Marcovaldo: ovvero le stagioni in città
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Marcovaldo: ovvero le stagioni in città

3.88 of 5 stars 3.88  ·  rating details  ·  3,124 ratings  ·  184 reviews
Nello spazio di venti novelle, in cui il ciclo delle stagioni si ripete per cinque volte, il manovale Marcovaldo si ostina a cercare la Natura in una grande città industriale. È attento a qualsiasi variazione atmosferica e coglie minimi segni di vita animale e vegetale, ma ogni volta va incontro a uno scacco, a una delusione. Pubblicato per la prima volta nel 1963, Marcova...more
Paperback, 134 pages
Published 2003 by Mondadori (first published 1963)
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Italo Calvino is always fun to read. While Marcovaldo does not have the Borgesian or post-modern tropes of Invisible Cities or If on a winter's night a traveller, it is a heart-warming collection of brilliantly crafted stories, the pinnacle achievement being the lovable naivete and inventive imagination of the titular Italian, Marcovaldo. The whimsy and lyricism of Calvino's prose is worthwhile enough to embark on the too-short modern voyage of this short book, though it has much else to offer a...more
mai ahmd

أعتبر هذه القصص القصيرة دروسا في بساطة بنية السرد
وثراء الفكرة وتوظيف بنية الأماكن يصف الأماكن بأهمية تثير الإنتباه يعطي الفطر دوره في الحكاية الفطر هو الأرض هو حياة يقترب من واقع الإنسان البسيط .. كالفينو ينتقد المجتمع وطريقة المعيشة والحياة الإستهلاكية التي تستنفذهم وذلك
بطريقته الساخرة المحببة

كنت أقرأ كالفينو بجذل ولو أعدت قراءة القصص من جديد سأقرؤه بنفس الشعور
هذا كاتب خلق لي السعادة أثناء القراءة

أحببته وبحثت عن مؤلفاته
Here's a book I knew I would like the minute I held it in my hot little hands. For one thing, it's short - 120 pages, fairly large print. For another, it's symmetrical - 20 stories, 5 for each season of the year. And finally, having read one story from it in a seasonal collection already, I knew it was both magical and sarcastic, a combination as golden as snide and abstract are shit. (Ok, it could be argued magical and sarcastic and snide and abstract are po-tay-to and po-tah-to, but let's not...more

Calvino has been on my radar for a long time, and I think I made a good choice in picking Marcovaldo for a first try. This is a small book, but it has a big heart. The stories are set in the poverty ridden early 1950's and follow up to the relative abundance of the 1960's, the immediate connections that spring to mind are the grand masters of Italian neo-realism: de Sica in The Bycicle Thiefs, Fellini in Amarcord and Roma, Visconti in Rocco and his Brothers or White Nights. Going further afield,...more
Ci sono libri che van bene a 10 anni così come a 40. Marcovaldo è uno di questi.

Leggerlo è stato come scorrere le immagini di tavolette di fumetti, quelle di tanti anni fa. Anche i nomi dei personaggi delle 20 novelle sembrano appartenere ai fumetti di un tempo lontano: la moglie Domitilla, il vigile Tornaquinci, il capo-magazziniere Viligelmo, il dottor Godifredo... una galleria di personaggi buffi e reali, a metà strada tra il mondo reale e quello fantastico. Fiaba e realtà si intrecciano sap...more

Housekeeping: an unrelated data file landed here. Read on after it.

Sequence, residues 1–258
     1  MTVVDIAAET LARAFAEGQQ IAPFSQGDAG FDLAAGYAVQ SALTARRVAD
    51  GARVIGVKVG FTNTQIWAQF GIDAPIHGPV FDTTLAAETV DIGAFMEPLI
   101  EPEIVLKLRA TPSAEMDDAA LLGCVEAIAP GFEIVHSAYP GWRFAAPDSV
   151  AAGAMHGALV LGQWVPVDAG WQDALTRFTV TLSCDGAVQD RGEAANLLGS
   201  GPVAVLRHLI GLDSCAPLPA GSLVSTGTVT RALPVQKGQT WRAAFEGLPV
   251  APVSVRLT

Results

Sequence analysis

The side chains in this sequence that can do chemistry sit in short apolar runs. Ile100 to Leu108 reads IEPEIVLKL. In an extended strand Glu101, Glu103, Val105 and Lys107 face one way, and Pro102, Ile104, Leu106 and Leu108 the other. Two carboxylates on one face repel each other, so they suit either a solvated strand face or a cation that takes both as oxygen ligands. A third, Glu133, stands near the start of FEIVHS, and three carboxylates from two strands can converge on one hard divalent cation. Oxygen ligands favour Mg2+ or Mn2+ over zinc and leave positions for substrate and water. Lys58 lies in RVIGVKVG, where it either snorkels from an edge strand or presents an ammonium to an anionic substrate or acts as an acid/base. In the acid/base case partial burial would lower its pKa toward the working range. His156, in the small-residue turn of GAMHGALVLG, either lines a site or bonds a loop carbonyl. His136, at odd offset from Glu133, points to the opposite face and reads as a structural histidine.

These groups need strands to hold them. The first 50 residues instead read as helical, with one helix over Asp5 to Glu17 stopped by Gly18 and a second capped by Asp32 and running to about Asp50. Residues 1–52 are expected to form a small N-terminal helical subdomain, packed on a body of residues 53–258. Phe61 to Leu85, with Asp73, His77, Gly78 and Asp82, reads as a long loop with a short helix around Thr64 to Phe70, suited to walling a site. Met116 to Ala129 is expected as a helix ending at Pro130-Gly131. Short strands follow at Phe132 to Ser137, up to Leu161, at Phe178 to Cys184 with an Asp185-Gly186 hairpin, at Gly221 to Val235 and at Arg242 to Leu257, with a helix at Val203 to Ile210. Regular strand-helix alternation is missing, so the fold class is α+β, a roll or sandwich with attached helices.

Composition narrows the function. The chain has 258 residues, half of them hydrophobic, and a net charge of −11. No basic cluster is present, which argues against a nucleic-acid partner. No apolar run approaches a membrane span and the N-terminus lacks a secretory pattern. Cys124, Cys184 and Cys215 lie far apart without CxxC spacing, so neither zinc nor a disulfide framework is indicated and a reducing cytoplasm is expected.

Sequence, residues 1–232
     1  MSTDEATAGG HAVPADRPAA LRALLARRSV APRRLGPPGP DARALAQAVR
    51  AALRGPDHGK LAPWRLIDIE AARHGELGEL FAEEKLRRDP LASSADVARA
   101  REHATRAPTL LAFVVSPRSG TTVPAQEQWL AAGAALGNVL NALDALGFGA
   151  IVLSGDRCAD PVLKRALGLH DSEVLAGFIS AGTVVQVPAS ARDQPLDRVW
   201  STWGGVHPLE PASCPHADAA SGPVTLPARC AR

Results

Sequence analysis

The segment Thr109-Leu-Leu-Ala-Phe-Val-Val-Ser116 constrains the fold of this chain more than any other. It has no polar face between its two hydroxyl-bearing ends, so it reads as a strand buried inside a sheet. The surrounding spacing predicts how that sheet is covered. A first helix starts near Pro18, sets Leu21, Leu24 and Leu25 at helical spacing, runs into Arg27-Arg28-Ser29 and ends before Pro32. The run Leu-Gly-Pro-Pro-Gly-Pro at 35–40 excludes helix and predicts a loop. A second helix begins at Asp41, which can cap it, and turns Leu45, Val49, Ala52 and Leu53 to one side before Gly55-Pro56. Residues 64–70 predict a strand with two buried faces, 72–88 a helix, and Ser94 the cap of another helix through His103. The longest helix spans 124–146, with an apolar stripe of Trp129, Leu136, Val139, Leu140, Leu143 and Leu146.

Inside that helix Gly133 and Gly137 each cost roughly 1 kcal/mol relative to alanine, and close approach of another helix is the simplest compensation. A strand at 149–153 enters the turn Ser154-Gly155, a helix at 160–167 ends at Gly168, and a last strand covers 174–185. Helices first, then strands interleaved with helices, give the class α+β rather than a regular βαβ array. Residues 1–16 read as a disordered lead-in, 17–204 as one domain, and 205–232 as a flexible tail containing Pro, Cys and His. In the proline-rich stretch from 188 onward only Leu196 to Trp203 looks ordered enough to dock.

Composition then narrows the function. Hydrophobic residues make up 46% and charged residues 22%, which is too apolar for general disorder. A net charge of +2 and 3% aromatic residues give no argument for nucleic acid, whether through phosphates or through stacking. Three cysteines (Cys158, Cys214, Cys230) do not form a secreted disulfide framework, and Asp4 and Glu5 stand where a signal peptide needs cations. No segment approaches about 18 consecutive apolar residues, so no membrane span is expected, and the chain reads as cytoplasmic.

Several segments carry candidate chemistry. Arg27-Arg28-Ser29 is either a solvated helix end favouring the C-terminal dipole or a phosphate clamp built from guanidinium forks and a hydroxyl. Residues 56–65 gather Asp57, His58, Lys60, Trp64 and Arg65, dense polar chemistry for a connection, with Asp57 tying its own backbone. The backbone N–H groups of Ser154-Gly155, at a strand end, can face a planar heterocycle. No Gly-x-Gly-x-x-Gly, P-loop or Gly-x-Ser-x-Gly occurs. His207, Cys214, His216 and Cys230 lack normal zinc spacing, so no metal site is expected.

I was trying to write about cold weather. Since I was struggling, I set down my pen and opened this book and was amazed to read this:

"Cold has a thousand shapes and a thousand ways of moving in the world: on the sea it gallops like a troop of horses, on the countryside it falls like a swarm of locusts, in the cities like a knife-blade it slashes the streets and penetrates the chinks of unheated houses."

There! Simultaneously familiar and new. That is how it is done, Calvino. No wonder I read you...more
Non sono una estimatrice di Calvino, ma a Marcovaldo sono davvero affezionata. L’ho letto a scuola, la prima volta, accompagnata, nel mio procedere, dal puntuale, quieto e preciso commentare della mia insegnante di letteratura italiana delle medie. Grande donna. La persona giusta al posto giusto, mi sento di dire. L’ho ripensata spesso. Credo di doverle molto in termini di amore per la letteratura. Temo sia ormai morta, ma non ho modo di sapere cosa ne sia, oggi, di lei. La ricorderò sempre con...more
Ho dato tre stelle al libro seguendo un parere soggettivo, più che oggettivo. Non penso che il libro in sé valga tre stelle, anzi. E' un bel libro, ed infatti mi è piaciuto. Solo che, non so, non riesco ad arrivare alle quattro. Ci ho riflettuto ed ho deciso di mantenermi sulle tre. Sarà forse per il modo in cui è narrato, questo voto è riferito più alla narrazione che al contenuto. Se fosse solo per quest'ultimo il voto sarebbe più alto, perché il contenuto merita molto. Il personaggio di Marco...more
Apr 10, 2008 Annette rated it 5 of 5 stars  ·  review of another edition
Recommends it for: people who know what's good
dear italo calvino,
i would like to be able to live in this time and place that you are writing from. i would like to be able to know what it was like to be living in a place that was still struggling to reconcile the modern with the rural. i would like to understand what it was like to live poorly in a place and time like that. maybe it would not be that different to live that way today.

but moving to the heart of the matter, i want to know if marcovaldo is a sympathetic or comical character. i...more
while not as well known as if on a winter's night a traveler, invisible cities, or cosmicomics, marcovaldo equally exemplifies the peerless brilliance of italo calvino's creativity. the tale of marcovaldo, a hapless laborer living with his family in an italian city, unfolds over the course of twenty short stories and is set cyclically within the inexorable rhythm of the passing seasons. marcovaldo's insatiable imagination and affinity for the simple intrigue of everyday existence proves to be mo...more